Some people say that football is a popular entertainment for the lower Liba people, and a catharsis for the common people's repressive lives. Therefore, there should be no fuss about the scolding on the court. There are even arguments that letting fans scold enough in the stands will benefit social order.
There is no shortage of reasonable parts of this argument, but it is obviously too one-sided. Although many friends who have lived abroad say that in the stands of the Premier League and Serie A, the scolding is endless, but the scolding on the domestic competition is still beyond the normal range.
On the one hand, there are too many unprovoked curses in the domestic arena, and too many curses with regional discrimination; on the other hand, there are too many people involved in the collective unconscious orgasm following the curses in the domestic stands. Besides, who said that we can scold if foreigners scold us? Shouldn't we learn from each other? Instead of staring at the dross to learn.
As mentioned above, there are always people who criticize Beijing and make Beijing and Beijing fans feel wronged. But there are also some uncivilized phenomena that are rare in other places in the stands in Beijing. Collective unconscious curses are one of them. Of course, there are objective factors in the booming of the Beijing football market and the large number of fans on the scene, but the main reason is that the fans do not recognize the improprieties of their actions.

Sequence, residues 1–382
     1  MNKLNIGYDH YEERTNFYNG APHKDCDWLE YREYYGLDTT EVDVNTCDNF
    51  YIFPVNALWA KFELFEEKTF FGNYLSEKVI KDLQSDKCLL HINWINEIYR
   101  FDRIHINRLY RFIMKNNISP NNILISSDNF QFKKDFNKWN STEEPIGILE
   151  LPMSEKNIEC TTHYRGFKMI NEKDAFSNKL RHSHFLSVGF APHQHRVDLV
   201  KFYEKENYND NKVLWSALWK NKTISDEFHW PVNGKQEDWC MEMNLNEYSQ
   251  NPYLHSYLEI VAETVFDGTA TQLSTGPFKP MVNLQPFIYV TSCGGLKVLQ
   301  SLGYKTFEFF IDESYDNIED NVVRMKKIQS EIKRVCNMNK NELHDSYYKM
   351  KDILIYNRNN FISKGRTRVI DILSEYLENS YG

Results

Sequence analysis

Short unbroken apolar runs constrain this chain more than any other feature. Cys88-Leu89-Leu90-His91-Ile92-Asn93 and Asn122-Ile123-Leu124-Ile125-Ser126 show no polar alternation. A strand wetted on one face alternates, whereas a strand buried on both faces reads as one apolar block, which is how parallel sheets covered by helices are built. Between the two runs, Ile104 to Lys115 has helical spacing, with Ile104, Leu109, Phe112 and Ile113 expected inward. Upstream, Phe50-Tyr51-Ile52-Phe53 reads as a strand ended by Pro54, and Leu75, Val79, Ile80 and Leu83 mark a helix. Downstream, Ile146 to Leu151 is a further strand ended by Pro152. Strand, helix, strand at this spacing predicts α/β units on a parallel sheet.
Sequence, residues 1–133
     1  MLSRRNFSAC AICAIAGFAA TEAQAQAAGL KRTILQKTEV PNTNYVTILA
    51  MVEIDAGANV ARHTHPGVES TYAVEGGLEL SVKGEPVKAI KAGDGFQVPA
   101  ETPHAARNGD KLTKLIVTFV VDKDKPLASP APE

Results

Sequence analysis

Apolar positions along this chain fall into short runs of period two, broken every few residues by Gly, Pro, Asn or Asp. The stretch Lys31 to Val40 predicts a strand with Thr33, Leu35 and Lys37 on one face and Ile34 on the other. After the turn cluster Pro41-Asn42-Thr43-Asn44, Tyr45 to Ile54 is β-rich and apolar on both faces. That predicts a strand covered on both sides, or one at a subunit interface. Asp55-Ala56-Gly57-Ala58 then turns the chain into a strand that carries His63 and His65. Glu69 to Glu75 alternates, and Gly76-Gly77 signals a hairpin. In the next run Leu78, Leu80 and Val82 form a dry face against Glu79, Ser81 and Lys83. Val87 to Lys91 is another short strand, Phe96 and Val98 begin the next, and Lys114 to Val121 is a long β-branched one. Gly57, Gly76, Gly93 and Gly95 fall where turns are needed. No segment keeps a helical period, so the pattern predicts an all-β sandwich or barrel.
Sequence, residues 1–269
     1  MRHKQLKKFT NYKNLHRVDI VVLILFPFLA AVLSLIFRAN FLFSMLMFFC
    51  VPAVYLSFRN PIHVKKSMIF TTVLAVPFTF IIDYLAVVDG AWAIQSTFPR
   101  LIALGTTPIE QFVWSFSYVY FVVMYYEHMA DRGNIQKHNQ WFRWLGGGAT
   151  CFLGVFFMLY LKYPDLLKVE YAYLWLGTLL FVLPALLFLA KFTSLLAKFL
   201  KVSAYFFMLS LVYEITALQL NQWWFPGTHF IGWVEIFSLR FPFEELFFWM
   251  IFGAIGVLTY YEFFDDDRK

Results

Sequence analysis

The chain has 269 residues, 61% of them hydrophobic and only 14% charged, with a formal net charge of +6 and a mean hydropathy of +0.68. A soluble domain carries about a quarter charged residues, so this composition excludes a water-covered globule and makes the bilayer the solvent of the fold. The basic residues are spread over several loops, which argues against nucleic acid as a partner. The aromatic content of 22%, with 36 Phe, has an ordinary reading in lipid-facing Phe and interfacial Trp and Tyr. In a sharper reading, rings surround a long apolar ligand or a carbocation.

Take the most talked about "silly X for silly X, the more silly X" that some Beijing fans talk about, for example, it is the most typical collective unconscious.
In many cases, the visiting team has no grudges with Guoan, and the replaced players did not commit any malicious fouls in the game, but they still couldn't escape this "silly X" package, which made people feel helpless.
It is precisely because of this that whether Beijing's new regulations can completely rectify this uncivilized phenomenon is deeply doubtful. Faced with thousands of people or tens of thousands who shouted "Stupid X" at the same time, who would be punished? There is no so-called "first offender".